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RIAA To Target CD-R 659

mike skoglund writes: "According to this 8/20 RIAA press release, the RIAA is concerned about CD burners. Hilary Rosen, president and CEO of the RIAA, said: "Many in the music community are concerned about the continued use of CD-Rs . . . and we believe this issue deserves further analysis. A preliminary survey of tech savvy online music enthusiasts recently conducted for the RIAA showed that nearly one out of two consumers surveyed downloaded in the past month and nearly 70 percent burned the music they downloaded. All of this activity continues to show the passion of the consumer for music and the need for both legal protection and legitimate alternatives.'" I enjoy Rosen's claim that "consumer loyalty to the physical product still dominates and we are committed to providing the quality product listeners desire." I wonder if they'll eventually push through a Canadian-style tax on anything that can carry data.
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RIAA To Target CD-R

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  • by sdo1 ( 213835 ) on Thursday August 23, 2001 @03:04PM (#2209604) Journal
    nearly one out of two consumers surveyed downloaded in the past month and nearly 70 percent burned the music they downloaded

    Yea, I've downloaded music and burned it to CD in the past month... but not music that's under RIAA control.

    Or did she just forget that little bit about there being actual LEGAL uses for this technology? Just because someone downloads music and burns it to CD does not mean that a copyright infringement has just taken place. And it does not mean the RIAA has just been monetarily damaged.


  • by angry_android ( 320134 ) on Thursday August 23, 2001 @03:12PM (#2209700)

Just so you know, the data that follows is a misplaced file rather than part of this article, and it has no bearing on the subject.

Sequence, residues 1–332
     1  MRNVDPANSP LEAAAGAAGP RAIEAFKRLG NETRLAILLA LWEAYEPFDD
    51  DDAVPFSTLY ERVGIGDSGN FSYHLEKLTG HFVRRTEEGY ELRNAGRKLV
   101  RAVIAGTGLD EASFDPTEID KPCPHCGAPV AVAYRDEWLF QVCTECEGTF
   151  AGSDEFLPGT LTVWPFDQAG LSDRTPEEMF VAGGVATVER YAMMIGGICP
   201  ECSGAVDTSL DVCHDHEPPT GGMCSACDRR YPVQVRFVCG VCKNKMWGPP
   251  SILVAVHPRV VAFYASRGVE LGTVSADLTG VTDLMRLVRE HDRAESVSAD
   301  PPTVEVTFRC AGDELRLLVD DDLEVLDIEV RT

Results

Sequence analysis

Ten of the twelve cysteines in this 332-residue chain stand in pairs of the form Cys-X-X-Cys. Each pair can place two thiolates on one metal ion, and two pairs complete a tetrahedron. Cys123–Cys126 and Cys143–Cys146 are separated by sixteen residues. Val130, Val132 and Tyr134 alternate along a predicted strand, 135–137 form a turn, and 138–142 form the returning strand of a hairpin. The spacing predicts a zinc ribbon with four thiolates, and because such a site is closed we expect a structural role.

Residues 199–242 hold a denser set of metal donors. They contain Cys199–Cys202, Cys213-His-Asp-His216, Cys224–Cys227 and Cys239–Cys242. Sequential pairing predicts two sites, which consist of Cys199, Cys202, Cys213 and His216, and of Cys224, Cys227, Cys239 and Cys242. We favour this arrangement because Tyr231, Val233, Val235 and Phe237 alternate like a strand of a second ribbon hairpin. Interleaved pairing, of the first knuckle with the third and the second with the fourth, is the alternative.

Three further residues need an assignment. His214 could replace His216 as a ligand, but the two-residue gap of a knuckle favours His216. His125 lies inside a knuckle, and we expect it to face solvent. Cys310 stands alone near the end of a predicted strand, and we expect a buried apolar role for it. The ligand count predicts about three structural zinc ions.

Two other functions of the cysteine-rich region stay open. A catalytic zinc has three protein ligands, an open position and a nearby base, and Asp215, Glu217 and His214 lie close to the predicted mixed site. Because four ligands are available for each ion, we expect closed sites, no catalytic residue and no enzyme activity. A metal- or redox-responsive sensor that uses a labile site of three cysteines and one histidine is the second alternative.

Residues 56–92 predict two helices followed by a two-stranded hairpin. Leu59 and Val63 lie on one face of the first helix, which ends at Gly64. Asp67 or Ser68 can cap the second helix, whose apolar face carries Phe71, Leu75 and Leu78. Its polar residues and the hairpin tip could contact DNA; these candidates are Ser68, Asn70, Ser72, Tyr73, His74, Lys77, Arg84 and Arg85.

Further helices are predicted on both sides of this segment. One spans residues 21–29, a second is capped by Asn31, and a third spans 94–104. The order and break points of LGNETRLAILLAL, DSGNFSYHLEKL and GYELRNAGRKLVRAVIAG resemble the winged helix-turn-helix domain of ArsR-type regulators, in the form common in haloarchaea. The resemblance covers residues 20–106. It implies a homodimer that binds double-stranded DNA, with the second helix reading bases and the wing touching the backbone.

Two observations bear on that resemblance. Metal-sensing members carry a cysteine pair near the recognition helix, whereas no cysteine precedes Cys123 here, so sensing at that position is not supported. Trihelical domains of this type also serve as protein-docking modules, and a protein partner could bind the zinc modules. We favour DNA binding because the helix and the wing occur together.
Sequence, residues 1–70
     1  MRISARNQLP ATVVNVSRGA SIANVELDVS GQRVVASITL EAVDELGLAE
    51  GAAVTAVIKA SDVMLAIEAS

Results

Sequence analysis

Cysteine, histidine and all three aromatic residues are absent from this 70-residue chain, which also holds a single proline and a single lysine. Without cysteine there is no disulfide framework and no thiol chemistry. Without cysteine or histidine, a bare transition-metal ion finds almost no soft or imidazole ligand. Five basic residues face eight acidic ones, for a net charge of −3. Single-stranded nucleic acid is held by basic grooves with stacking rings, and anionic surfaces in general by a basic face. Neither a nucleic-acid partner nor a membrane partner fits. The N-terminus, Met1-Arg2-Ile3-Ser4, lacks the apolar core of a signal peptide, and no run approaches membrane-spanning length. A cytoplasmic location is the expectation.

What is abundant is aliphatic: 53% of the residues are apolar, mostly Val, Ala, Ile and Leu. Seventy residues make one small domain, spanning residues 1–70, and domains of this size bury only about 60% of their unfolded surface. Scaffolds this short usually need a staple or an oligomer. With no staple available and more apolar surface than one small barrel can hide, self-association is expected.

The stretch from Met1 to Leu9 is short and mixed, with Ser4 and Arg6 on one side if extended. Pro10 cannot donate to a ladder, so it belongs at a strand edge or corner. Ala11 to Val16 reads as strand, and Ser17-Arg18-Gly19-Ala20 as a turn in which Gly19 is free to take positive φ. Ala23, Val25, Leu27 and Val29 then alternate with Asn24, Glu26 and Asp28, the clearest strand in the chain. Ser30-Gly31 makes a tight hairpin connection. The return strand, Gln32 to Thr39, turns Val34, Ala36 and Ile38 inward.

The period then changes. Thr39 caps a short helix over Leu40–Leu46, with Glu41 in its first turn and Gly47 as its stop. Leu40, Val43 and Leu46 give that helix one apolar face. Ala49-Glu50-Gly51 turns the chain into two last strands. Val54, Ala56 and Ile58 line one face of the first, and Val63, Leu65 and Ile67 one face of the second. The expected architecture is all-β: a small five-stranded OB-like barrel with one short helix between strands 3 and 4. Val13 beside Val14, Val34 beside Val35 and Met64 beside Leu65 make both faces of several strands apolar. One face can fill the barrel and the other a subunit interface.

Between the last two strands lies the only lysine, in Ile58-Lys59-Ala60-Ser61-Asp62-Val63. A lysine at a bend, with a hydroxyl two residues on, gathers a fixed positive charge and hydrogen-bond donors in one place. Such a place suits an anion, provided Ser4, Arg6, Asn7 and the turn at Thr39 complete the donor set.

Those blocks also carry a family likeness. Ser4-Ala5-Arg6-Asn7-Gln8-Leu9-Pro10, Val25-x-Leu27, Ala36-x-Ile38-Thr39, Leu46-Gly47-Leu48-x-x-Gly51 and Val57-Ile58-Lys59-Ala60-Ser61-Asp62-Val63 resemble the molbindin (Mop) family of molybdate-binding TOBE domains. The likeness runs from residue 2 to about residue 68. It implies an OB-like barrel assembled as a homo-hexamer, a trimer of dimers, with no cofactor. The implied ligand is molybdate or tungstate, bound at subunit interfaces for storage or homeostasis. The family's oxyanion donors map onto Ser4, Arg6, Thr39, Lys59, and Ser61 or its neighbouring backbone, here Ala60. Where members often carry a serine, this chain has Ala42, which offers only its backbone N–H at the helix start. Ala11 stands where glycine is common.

Thats a crock. I'm sure they ruled out the following people:

    1) People who dont own a computer.
    2)People who don't know what an mp3 is.
    3)People who don't own a burner.
    4)People who do not use the internet.

    You are left with a *very* small percentage of people burning cd's compared to the countless droves of consumers who purchase cd's without knowing that it's all free ;)

  • by VP ( 32928 ) on Thursday August 23, 2001 @03:14PM (#2209732)
    My conclusion is rather that Napster was virtually shut down, and therefore the music sales of CDs went down... althought the economic slowdown is also relevant.
  • by gosand ( 234100 ) on Thursday August 23, 2001 @03:16PM (#2209756)
    Please. That assumes that everyone who buys CDRs is using them to burn music. What about backups? What about photo CDs? What about documents? What about all the other myraid of uses of CDRs?

    Now I am not naive, and I use them to burn audio CDs too. But I am not a big downloader of MP3s, I have a large CD collection, as does my fiancee. It is legal (and rightfully so) for me to burn a copy of a CD I bought for use in my car.

    *If* someone were using CDRs to burn illegal copies of CDs and selling them, the only thing taxing CDRs would do is shrink their profit a little. Unless the goal is to make CDRs unaffordable for the average person, which would be really really bad.


    M$ = Monopoly? Check out "Micropoly" at Pounding Sand [] Tshirts.

  • by hillct ( 230132 ) on Thursday August 23, 2001 @03:18PM (#2209774) Homepage Journal
    If I am going to pay a 'tax' to the RIAA, because it is assumed that I am copying music music, (and this is in fact the justification for the 'tax') then is copying (pirating) music something I can still be sued for? I'm paying for the privlage to act in this fashion, so how could I then be sued for it?

    Granted if the RIAA suddenly has this new revenue stream, then a reasonable observer might comment that they'll stop threatening to destroy people who copy music, but given their past history, who really thinks they'll actually refrain from attempting to sue people for this?

    The RIAA would do well to consider the potential impact of attempting to tack a surcharge onto recordable media, because the mechanism they use to justify the surcharge will simply be used to define what rights they are granting the customer who pays the surcharge. Essentially a good defense atourney could argue that payment of the surcharge is de-facto entry into a contract with the RIAA, in which the customer is paying for the privlage of recording music.

    -- CTH
  • by jeffy124 ( 453342 ) on Thursday August 23, 2001 @03:20PM (#2209795) Homepage Journal
    During the whole Napster debate (back before Napster had filters), many journalists pointed out that judges often sided with improvements in technology in cases of copyrights and unauthroized reproduction.

    When the audio tape recorders were introduced, the RIAA cried foul as it gave people the ability to make their own copies of music. Ruling was based on fair use.